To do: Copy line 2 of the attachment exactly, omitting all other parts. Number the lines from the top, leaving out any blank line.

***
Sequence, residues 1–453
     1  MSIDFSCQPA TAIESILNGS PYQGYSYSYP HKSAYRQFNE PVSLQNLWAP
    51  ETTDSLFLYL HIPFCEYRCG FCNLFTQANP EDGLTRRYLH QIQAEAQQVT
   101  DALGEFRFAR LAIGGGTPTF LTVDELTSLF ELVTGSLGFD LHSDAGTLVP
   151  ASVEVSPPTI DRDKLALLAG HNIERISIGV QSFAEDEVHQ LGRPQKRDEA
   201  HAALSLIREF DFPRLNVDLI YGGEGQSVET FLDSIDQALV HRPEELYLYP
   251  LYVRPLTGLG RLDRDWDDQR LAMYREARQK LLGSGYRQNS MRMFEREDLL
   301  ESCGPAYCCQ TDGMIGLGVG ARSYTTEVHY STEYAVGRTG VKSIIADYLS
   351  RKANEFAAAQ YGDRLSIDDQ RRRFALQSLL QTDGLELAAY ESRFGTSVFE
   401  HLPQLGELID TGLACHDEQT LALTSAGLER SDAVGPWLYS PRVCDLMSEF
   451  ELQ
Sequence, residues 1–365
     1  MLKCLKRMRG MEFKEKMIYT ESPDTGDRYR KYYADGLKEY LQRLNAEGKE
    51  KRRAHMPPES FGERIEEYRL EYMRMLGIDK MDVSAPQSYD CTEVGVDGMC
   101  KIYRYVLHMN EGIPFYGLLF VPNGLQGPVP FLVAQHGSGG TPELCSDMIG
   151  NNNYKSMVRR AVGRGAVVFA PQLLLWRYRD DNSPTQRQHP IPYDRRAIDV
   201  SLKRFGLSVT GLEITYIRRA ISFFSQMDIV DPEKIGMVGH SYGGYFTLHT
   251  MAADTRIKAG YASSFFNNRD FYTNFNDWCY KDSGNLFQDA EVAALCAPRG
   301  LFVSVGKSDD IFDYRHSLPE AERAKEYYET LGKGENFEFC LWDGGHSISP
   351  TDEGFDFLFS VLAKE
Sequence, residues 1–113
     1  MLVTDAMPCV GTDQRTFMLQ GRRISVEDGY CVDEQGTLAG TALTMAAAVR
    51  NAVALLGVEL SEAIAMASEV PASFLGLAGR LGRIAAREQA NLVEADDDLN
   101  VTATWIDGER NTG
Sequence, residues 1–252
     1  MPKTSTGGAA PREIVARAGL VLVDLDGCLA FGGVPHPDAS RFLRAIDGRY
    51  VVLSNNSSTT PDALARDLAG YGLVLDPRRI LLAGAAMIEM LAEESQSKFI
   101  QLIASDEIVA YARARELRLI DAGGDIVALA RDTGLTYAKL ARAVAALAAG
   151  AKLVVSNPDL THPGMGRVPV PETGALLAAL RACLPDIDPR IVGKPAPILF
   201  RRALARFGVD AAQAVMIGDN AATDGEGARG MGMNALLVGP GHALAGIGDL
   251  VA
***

     1  MSIDFSCQPA TAIESILNGS PYQGYSYSYP HKSAYRQFNE PVSLQNLWAP